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Fellow Baby Boomers like myself will no doubt recall him.  He appeared on Opportunity Knocks during the 1960’s.

OK was a talent show – a forerunner of BGT and The X Factor and all those other similar programmes predicated on low-cost TV.  It was hosted by Hughie Green whose only talent seemed to be to pull a face every now and then.  But it’s reassuring this tradition of talentless presenters was continued through Jimmy Savile and Noel Edmonds and is still alive and kicking today in Simon Cowell.

He had his counterpart in “Take Your Pick’s” Michael Miles.  Tall and ramrod straight he was altogether more suave than Green and may well have served as Harry Enfield’s inspiration for Mr Cholmondley-Warner.  The show introduced an early form of audience participation with the unwashed raggy-taggy people encouraged to shout out “Take the Money” or “Open the Box”.

For the washed, the BBC offered “What’s My Line”, with an altogether classier line-up (no offence to Mon, see below) with panellists including Gilbert Harding and Lady Isobel Barnett and Eamonn Andrews in the chair.

And then there was Juke Box Jury.  It was hosted by David Jacobs who passed for a disc jockey in those days.  Suited and booted, imagine Jacob Rees-Mogg as Top of the Pops linkman and you have the idea.  But the star of the show was Monica.

“Mon” was a random picked out to join the artists (celebs hadn’t been invented then) on the jury of four to rate the new releases.  The programme struck pure gold when she first said in a thick Brummy accent, “Oi’ll give it foive”.  She stayed as a permanent feature!

But to return to the Musical Muscle Man - you’d have to google him to find out his name.  But he won OK for several weeks running with an act that constituted waggling his muscles in his underpants to the accompaniment of “Wheels”.  (To clarify, he waggled his muscles while wearing underpants and not that he waggled the muscles inside his underpants). 

It is tempting to look back on those days and imbue them with a kind of nascent TV innocence.  But has much changed? Stavros Flatly, for instance?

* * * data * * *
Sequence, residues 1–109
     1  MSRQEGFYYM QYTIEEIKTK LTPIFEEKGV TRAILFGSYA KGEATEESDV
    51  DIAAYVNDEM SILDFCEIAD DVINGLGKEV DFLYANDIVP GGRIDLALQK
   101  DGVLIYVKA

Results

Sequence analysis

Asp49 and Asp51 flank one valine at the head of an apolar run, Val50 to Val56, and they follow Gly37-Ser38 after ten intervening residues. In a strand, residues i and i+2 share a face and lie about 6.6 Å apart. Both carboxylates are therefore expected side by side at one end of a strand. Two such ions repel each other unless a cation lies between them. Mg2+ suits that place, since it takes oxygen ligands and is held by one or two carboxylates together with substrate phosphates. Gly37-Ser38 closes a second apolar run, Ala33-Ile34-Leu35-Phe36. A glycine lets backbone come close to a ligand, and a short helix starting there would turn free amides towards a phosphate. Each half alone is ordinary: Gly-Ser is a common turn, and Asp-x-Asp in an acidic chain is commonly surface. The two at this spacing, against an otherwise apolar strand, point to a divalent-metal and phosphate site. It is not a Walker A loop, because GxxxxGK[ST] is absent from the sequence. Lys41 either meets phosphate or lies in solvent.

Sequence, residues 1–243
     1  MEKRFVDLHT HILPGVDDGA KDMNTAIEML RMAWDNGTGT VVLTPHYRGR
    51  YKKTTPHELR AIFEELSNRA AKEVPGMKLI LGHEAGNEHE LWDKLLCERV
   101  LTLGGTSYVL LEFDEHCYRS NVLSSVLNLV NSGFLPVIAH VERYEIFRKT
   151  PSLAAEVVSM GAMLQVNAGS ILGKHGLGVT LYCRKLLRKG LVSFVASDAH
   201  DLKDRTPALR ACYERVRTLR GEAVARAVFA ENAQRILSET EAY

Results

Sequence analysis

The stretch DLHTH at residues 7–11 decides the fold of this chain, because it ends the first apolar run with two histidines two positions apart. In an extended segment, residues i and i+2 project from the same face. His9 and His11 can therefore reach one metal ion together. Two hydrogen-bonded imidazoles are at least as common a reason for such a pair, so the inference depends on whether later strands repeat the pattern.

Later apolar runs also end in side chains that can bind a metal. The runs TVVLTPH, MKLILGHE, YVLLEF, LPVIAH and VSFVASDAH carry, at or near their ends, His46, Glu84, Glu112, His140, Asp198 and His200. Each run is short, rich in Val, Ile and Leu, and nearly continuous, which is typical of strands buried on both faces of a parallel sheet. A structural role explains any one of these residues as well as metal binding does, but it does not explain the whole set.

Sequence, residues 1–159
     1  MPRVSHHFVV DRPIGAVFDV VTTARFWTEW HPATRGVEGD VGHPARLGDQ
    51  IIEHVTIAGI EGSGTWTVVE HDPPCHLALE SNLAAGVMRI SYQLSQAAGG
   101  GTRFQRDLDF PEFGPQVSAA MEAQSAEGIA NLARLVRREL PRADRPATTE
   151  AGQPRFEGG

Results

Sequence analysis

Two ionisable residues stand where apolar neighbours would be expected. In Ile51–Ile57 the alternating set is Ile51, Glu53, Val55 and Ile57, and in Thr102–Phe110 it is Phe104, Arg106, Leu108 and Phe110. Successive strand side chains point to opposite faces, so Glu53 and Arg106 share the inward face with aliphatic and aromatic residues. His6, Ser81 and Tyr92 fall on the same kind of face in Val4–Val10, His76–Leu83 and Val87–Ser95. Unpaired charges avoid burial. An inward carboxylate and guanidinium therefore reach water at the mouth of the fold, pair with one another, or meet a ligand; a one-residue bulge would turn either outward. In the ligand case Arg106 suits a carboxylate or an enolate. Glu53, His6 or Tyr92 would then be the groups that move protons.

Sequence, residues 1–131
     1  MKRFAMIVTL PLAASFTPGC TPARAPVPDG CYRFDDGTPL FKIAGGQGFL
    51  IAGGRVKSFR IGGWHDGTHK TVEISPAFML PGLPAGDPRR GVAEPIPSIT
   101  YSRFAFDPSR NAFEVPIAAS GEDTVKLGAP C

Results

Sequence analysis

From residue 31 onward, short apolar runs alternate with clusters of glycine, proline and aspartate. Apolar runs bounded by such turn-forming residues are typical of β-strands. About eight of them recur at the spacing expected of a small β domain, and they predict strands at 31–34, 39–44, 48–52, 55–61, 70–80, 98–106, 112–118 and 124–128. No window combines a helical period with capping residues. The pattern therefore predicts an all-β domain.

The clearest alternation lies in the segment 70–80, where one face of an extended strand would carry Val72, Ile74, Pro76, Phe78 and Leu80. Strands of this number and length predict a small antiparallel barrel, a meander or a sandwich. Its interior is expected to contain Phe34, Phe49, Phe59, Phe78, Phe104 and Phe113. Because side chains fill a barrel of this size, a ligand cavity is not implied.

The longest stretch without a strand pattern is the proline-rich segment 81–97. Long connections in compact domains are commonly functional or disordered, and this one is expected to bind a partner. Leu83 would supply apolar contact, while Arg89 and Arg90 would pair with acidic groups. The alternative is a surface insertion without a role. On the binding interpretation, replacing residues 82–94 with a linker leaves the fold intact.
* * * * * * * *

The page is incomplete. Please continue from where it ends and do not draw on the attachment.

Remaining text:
Yes, indeed.  I realise how far things have come from those days when I see low-cost TV like Gogglebox.




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John Coopey

Fri 17th Sep 2021 00:21

Stephen and MC, Yes, he was an awful man.

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Stephen Gospage

Thu 16th Sep 2021 21:41

Great times, John. I remember the Bill Oddie song:

'Shall I watch Hughie Green again?
He gives me such an awful pain.'

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John Coopey

Thu 16th Sep 2021 17:15

Bugger me, Leon! I do believe you’re right. I’ll leave it as it though, to demonstrate that even genius like mine has fallibility! It seems I was not alone in getting this wrong.

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Leon Kamm

Thu 16th Sep 2021 16:54

Your memory is not what it was John. Monica Rose was on Double Your Money with Hughie Green; Janice Nichols gave it foive on Thank Your Lucky Stars.

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M.C. Newberry

Thu 16th Sep 2021 15:26

To borrow from a famous musical that was around back then:
"Ah yes, I remember it well." Hughie had the reputation of
having something of an ego, a bit of a contrast to the jolly Mr.
Everyman he put over so successfully on the box back then..
His trick was to act like a confidant between audience and
participating guest - with knowing asides and grins that anticipated future acts on both TV and film.
I recall he lived not too far from my own present address - over
in the Baker Street/ Marylebone area of London. "Seriously folks"
- how he comes back to me now.

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